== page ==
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Getting into the Mind of a Character
By Rebecca A. Corio
What is method writing? The answer may depend on who you ask. For some it is a specific discipline in an author’s approach or mechanics of their writing. For myself, the definition is more that of embodying my character by creating similar situations or environments which then allow me to learn more about the people I am writing about. If my character stays up all night and sleeps during the day, I will spend several weeks doing that to better understand the thoughts and feelings that come as a result. If I have someone who walks on a treadmill for anger management, I will torture myself (true story) for countless miles on that adult hamster wheel and let my thoughts explore everything about what is going through my mind in the process. I take note of every feeling, inside and out, like I am a scientist conducting an experiment. I diligently attempt to catalog how my brain reacts, the things I think and in what order. All of this to better understand what drives a fictional person, in a fictional town. All this to explore who they are.
Writers were crazy before they ever put pen to paper. This just gives us license for it.
I admit with a slight blush, to having done this even before I knew what it was called. I had been writing for almost ten years before a conversation took an unexpected turn and someone said, “Oh, like method acting. Cool.” This wasn’t a term I had ever heard or thought about. I went and looked up method acting. My friend was right, as usual I might add. What I do is like that.
Not everyone is a method writer. Which makes the question, why, does it work for me? I believe there is a piece of myself in every character I have ever written. Even in the men. For that singular characteristic that I identify with, there is no explanation needed about why they feel the way they do, why the character chooses to act a certain way or why they choose to speak a specific line. But people, even fictional ones, are multi-faceted. I may identify with that one part, but it is only one. The rest of who my character is, I must figure out as I go. Why don’t I simply make everything up? I am. But even what I make up needs to be relatable. If I am to pen a successful story, the characters need to be believable.
We actually do this unconsciously every day. For example, you are standing in the coffee shop waiting for your order when you hear the person in line ordering. “I’ll have a Grande Americano with a splash of heavy cream, five pumps of sugar free vanilla syrup and two pumps of toffee.” Your jaw drops in awe that someone just ordered the exact same thing you ordered. The barista calls out your order and two hands reach for it, yours and your coffee doppelganger. The two of you laugh at the coincidence and the next thing you know you are sitting at a high-top talking about how perfect your order is. The conversation progresses to plants and pets before one or both of you decide it is time to go. Two days later you find yourself walking out of the grocery store with your first ever plant…because you want to know what this person you had even that one little thing in common with, you are curious what makes them like plants and decide to see for yourself. Maybe we all method live, without even realizing it.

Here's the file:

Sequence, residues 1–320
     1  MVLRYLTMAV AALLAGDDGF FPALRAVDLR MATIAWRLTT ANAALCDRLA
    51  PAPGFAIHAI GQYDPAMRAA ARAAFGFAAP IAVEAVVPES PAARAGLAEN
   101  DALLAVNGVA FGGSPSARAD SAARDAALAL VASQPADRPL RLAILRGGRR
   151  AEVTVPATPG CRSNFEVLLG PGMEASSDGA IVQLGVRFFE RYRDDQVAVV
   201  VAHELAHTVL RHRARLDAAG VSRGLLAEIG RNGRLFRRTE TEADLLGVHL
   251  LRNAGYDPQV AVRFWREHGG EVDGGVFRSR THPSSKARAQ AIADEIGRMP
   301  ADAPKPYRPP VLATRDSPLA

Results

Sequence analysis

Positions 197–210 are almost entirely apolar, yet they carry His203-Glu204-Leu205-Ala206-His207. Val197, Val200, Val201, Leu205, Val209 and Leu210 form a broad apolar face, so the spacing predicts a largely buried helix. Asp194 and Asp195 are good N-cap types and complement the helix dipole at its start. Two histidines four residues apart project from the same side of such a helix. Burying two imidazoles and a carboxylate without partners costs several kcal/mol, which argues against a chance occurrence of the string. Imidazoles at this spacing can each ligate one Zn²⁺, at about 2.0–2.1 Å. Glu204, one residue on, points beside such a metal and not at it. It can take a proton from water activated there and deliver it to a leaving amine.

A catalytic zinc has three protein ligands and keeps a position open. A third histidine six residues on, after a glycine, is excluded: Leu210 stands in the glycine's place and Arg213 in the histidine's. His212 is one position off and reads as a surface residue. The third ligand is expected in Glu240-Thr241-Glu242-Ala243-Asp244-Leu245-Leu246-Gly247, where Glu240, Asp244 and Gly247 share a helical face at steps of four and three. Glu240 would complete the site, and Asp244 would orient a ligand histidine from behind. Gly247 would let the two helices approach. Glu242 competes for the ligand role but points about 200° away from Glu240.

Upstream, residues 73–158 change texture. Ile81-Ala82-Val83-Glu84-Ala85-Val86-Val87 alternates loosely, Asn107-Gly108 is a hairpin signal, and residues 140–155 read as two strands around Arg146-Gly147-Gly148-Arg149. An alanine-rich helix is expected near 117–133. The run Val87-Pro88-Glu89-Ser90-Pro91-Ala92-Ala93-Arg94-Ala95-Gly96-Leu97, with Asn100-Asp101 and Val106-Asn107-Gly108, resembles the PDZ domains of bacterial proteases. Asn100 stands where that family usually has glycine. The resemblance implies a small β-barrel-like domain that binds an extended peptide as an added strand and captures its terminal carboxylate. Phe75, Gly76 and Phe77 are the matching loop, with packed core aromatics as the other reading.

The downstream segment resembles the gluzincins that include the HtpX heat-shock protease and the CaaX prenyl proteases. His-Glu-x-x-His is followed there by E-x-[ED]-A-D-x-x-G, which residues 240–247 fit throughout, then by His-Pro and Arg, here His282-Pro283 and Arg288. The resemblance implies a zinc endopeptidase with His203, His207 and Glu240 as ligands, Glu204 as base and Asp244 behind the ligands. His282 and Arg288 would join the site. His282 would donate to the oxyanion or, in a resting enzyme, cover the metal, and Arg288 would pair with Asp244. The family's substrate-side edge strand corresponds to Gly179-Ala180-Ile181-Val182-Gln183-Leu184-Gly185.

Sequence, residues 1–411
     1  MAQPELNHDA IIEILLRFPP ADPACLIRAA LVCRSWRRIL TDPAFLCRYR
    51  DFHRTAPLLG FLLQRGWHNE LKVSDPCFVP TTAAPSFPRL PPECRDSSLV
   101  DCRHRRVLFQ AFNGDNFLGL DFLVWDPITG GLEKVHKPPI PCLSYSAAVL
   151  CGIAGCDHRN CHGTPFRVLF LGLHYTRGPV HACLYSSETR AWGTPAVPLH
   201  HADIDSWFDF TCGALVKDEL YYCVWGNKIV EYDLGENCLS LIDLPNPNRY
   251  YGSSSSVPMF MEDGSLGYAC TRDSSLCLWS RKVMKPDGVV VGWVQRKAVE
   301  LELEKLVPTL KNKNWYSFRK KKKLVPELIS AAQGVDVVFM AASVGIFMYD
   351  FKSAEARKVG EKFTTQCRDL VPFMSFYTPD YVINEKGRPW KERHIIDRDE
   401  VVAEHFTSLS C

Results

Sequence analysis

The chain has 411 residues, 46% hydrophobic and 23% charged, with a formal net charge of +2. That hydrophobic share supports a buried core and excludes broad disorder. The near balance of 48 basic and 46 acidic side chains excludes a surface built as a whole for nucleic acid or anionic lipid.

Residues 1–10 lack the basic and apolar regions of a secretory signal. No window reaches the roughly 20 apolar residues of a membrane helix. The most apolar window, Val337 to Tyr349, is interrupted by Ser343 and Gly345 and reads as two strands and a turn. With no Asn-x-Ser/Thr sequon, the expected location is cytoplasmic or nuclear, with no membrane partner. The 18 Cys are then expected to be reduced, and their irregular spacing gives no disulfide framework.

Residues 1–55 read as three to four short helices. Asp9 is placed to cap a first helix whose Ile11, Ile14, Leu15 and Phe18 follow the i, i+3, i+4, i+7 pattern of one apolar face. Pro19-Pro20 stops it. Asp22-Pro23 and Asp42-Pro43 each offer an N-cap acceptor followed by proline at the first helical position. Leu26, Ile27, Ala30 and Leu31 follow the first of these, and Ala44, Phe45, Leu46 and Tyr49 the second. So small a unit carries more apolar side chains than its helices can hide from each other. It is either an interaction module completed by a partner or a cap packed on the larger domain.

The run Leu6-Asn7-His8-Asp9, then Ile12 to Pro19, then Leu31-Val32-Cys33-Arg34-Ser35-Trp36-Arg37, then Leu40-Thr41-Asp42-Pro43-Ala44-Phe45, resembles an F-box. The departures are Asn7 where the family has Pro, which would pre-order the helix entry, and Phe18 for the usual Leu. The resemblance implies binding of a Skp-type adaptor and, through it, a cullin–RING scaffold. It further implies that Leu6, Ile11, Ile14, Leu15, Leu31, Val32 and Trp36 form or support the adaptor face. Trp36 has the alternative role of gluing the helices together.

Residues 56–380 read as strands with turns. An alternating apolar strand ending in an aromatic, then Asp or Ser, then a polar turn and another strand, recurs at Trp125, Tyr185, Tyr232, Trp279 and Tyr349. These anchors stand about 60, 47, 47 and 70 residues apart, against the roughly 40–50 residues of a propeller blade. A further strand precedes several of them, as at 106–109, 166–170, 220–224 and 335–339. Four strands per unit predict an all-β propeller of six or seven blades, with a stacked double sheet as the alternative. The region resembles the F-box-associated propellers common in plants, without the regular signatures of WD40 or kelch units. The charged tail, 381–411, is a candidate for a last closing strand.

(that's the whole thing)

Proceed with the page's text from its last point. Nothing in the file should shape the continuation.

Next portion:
Another example would be starting a new job. You are assigned someone to show you the ropes, where the breakroom is, what the best vending machines are, what software system you will be using. I mean you applied for the job so you must have even a basic knowledge of the job itself. But until you start that first day and begin immersing yourself in all the details of the people, the location, the technology of what you will be doing, there is that blank space waiting to be written. That learned information is what makes you a rockstar at your job. And so, those intimate details you learn as you embody your characters, are what make them reach out and wrap their hands around the hearts of readers, pulling them in close with familiarity.
At least, that is how it works for me. I love getting to know my characters, learning about them. It doesn’t matter where the starting point is or what the link is. I can go forwards in their life, or backwards, or both in learning who they are. I happily wear their clothes, drink their Scotch, practice their sleep schedule, allowing myself to become the fictional character for a time.
I’m a writer, I make stuff up. By climbing into the skin of my characters, hopefully the people and scenarios I fabricate make the reader feel like if they met the character they are reading about at the coffee shop, they would suggest lunch and maybe even become friends.
Rebecca A. Corio
A former farm girl from the Midwest, Rebecca now runs a family restaurant in Hawaii and serves as founder/president of the Bryan Fujikawa Foundation, a non-profit that works with other community organizations to provide meals to underserved families in the community. She hosts a biweekly reader discussion and author chat called Wino Writer Wednesday on Instagram Live. A believer in “love at first sight” and “happily ever after,” Rebecca shares laughter, tears, and passion with readers through the stories she creates. She loves being the sunshine and light for those around her, and the advice she gives most often: When the Universe stops to sprinkle its pixie dust upon you, make sure your arms are open to receive it.
In her debut romance Storm of Passion (TouchPoint Press 11/23/21), Corio devises for readers a tempestuous story of island love and learning to trust in the middle of a storm. Heavily influenced by a connection with nature and drawing from her experience working in security, she creates a setting worthy of an escape, as well as realistic characters and relationship dynamics that everyone will love.